Minister: Ofcom won’t be pressed to adopt IHRA
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Minister: Ofcom won’t be pressed to adopt IHRA

Minister Caroline Dinenage stressed that the media regular is 'independent from government' on the matter

Caroline Dinenage
Caroline Dinenage

The government has confirmed that it has no intention of pressing the UK’s communications regulator Ofcom to adopt the International Holocaust Remembrance Alliance (IHRA) definition of antisemitism.

Its position was clarified by Minister of State at the Department for Digital, Culture, Media and Sport Caroline Dinenage in the House of Commons this week, in response to a question from fellow Conservative MP Bob Blackman.

“Ofcom is independent from government,” she said. “Regulatory decisions are a matter for Ofcom. Ofcom can have regard to the IHRA definition when determining complaints about antisemitic material broadcast on television and radio services.”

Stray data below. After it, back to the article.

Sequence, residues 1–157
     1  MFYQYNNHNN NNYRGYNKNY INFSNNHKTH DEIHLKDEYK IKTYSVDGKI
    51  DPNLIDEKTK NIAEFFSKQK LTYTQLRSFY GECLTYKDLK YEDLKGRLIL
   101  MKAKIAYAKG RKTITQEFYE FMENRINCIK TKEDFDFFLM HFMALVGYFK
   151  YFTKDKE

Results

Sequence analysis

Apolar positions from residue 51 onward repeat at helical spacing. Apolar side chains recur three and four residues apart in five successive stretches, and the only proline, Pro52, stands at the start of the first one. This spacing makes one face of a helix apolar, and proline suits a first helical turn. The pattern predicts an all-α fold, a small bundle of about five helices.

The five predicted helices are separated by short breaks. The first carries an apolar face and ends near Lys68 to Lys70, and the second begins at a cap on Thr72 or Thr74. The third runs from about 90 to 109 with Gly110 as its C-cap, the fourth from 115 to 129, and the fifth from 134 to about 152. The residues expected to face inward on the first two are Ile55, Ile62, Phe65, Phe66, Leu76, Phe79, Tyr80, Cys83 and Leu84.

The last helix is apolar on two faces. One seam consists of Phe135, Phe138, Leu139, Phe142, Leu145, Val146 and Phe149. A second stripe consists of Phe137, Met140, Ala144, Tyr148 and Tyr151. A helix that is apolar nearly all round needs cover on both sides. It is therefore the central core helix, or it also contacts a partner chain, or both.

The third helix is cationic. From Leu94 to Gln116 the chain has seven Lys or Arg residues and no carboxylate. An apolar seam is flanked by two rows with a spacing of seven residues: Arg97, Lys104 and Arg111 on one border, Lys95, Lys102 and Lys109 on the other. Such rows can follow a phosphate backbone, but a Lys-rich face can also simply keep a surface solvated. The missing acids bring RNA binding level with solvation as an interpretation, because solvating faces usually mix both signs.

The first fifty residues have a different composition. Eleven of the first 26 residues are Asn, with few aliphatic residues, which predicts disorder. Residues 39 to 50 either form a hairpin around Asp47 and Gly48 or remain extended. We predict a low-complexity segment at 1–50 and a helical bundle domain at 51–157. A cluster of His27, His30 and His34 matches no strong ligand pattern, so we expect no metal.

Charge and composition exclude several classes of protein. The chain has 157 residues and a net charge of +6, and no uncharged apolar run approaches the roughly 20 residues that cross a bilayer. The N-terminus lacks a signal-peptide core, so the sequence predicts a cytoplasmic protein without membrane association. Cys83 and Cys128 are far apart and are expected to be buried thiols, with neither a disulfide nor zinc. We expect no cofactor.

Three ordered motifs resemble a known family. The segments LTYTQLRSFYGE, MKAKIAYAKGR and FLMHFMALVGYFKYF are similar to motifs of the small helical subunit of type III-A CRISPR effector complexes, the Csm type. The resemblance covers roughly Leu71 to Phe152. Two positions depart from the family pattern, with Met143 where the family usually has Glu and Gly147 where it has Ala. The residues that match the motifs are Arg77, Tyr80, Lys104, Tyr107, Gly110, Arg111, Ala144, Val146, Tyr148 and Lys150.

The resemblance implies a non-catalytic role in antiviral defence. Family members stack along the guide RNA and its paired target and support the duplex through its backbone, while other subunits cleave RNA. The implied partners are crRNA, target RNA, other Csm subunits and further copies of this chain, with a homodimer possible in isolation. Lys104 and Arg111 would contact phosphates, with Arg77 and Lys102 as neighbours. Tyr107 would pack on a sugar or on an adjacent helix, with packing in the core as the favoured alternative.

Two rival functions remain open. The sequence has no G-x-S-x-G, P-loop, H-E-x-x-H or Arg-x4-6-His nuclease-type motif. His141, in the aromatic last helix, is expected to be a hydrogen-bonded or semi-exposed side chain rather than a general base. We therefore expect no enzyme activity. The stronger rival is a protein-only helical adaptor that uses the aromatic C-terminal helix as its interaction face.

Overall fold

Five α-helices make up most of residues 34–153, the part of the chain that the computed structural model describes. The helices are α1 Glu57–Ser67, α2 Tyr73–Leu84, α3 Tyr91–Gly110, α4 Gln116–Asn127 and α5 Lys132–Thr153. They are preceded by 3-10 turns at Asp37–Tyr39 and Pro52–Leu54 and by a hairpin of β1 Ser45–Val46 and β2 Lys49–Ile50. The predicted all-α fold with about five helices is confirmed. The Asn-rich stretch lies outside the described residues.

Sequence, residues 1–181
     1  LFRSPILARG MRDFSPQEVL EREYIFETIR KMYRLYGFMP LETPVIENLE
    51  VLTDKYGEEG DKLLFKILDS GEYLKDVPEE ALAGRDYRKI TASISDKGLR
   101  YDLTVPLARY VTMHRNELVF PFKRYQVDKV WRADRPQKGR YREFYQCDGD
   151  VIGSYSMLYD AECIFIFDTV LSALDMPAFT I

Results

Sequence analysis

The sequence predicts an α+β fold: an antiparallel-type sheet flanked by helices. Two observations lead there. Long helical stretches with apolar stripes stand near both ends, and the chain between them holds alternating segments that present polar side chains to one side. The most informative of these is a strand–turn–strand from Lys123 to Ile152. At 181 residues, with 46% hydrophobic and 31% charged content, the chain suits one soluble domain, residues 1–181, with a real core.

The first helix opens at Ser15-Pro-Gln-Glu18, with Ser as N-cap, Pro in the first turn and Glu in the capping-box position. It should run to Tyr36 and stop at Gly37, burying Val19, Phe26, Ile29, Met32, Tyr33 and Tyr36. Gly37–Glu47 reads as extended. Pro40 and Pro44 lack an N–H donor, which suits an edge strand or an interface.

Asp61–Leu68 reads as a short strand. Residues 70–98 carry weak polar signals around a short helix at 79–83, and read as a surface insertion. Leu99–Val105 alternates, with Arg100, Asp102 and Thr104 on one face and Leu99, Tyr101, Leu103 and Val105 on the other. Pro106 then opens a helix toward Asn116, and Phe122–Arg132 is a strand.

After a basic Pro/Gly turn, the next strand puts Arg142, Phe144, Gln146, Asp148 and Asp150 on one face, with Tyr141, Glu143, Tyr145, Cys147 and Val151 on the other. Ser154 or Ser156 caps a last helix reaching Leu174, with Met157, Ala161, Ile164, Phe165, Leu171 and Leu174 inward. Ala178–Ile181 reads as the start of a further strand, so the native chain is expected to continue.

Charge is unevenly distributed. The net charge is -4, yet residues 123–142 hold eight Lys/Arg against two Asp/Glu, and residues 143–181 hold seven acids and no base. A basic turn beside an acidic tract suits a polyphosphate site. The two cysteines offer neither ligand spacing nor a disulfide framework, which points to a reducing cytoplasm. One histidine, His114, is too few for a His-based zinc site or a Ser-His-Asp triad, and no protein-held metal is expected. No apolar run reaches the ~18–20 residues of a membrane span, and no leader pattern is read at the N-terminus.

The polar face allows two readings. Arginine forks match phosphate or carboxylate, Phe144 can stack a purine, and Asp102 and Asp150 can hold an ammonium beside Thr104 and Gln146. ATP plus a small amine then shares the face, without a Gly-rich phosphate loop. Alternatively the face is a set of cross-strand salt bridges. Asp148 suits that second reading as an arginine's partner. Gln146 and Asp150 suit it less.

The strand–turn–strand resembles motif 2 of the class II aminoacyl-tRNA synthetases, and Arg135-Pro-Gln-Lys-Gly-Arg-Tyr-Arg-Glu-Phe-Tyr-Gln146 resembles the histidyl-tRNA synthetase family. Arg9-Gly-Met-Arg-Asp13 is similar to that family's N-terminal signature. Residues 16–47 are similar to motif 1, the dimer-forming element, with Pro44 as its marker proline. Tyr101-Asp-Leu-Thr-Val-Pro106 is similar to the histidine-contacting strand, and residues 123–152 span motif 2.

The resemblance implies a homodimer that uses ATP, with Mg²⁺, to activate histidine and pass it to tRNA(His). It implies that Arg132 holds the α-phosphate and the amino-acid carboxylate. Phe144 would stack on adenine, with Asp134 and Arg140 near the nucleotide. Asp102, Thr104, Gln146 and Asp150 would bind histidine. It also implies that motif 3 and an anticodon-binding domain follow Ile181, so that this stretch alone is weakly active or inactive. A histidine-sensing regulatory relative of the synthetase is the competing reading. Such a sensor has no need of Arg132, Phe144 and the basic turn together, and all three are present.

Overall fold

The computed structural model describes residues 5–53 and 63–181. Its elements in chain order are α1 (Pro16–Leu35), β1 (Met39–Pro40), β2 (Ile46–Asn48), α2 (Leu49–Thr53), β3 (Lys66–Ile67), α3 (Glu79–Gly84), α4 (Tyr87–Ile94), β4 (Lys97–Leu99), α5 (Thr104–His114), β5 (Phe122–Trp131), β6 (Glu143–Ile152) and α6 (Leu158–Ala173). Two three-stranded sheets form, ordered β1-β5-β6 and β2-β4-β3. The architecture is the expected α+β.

The question is becoming increasingly pertinent with regards to antisemitic hate speech on social media platforms, which does not meet the threshold of a criminal offence.

Two months ago, the Government set out “new expectations” on companies to keep their users safe online. Under a new legal duty of care, social media companies will need to tackle illegal antisemitic content and activity on their services.

In addition, companies providing “high-risk, high-reach services” will need to set clear terms and conditions stating what legal but harmful material they accept – and do not accept – on their service. This may include antisemitic hate speech.

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